Indeed, the whole proceedings could be said to be embroiled in an exhilarating irony, for, as it is staged here (using Ian MacNeil's awesome designs), Treadwell's damning expressionist vision of the metropolis can't help but impress itself on you as an uplifting celebration of the vast mechanical resources of the Lyttleton.
These have to be seen to be believed - from the stunning moments near the start when the revolving cubicles of a packed cacophonous office loom in from the back of the stage, like some bureaucratic circle of hell that Dante had overlooked, all the way through to the stark electric chair scene when the steely intestines of the Lyttleton's nether regions are bleakly exposed. In between, truck-stages and hydraulic lifts, false walls, floors and all manner of traps work overtime to create a dark phantasmagoria. Ceilings that do everything but stay put are becoming something of a Daldry thumbprint: here, the trial scene is brilliantly evoked when the huge collage-grid overhead tilts and descends to become a steep, oppressive incline rearing up behind the accused, the judge and officials poking through flaps in the cage. It looks more a prison than a courthouse.
It must be clear by now that this is a play that deliberately confuses inner and outer reality. The big question, though, is whether it abuses this convention in a determined effort to load the dice, overwhelmingly, in favour of its Everywoman protagonist: a young New York female who marries her despised boss so as to be able to support her mother, gets a brief taste of freedom in a romantic affair, and is later executed for the murder of her spouse. She is supposed to be a representative example of the way women are constricted and crushed by a system evolved to suit men. But she comes across, both in the writing and in Fiona Shaw's splendid, unsparing performance, as such a congenital martyr to nerves and high-strung fastidiousness as to constitute a special case.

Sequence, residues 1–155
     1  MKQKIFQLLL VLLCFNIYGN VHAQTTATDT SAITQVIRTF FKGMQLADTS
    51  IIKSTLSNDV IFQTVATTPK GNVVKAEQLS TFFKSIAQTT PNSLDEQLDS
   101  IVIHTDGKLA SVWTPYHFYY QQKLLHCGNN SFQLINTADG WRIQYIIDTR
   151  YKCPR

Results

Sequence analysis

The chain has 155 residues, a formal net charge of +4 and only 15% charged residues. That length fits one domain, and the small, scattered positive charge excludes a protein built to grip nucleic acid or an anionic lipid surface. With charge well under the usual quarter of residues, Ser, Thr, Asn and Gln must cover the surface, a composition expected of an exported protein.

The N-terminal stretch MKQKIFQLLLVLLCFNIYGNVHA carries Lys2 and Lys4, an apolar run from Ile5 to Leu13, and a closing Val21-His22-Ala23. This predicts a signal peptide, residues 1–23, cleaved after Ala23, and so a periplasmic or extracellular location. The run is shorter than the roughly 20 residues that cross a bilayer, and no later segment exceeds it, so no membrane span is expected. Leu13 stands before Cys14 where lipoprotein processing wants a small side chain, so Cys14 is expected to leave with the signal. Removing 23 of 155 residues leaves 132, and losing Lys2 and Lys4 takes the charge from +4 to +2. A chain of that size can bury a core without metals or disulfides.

Again and again, episodes are presented from her point of view. Thus, because maternity is so terrifying to her, she is seen gagging in a hospital room that would compare less than favourably with a cell in a Third World prison. You're in danger of forgetting that as the wife of a rich man, she would at least have been suffering in some material comfort. Her impotence is overstressed. In such thrillingly skewed scenes as the one where the mismatched married couple keep (literally) drifting apart in mid-air, I began to side with her crassly materialist, but not unkindly husband (John Woodvine). During the trial, she recoils from the idea that she could have opted for divorce rather than murder: 'I couldn't hurt him like that]' If this is female sensitivity, God protect us from it.
Beckett, Pinter and Mamet are pre-echoed in the staccato telegraphese, nagging rhythms and jangly cliche-ridden repetition of dialogue. But though the play is well worth reviving, it's the production that is the masterpiece.
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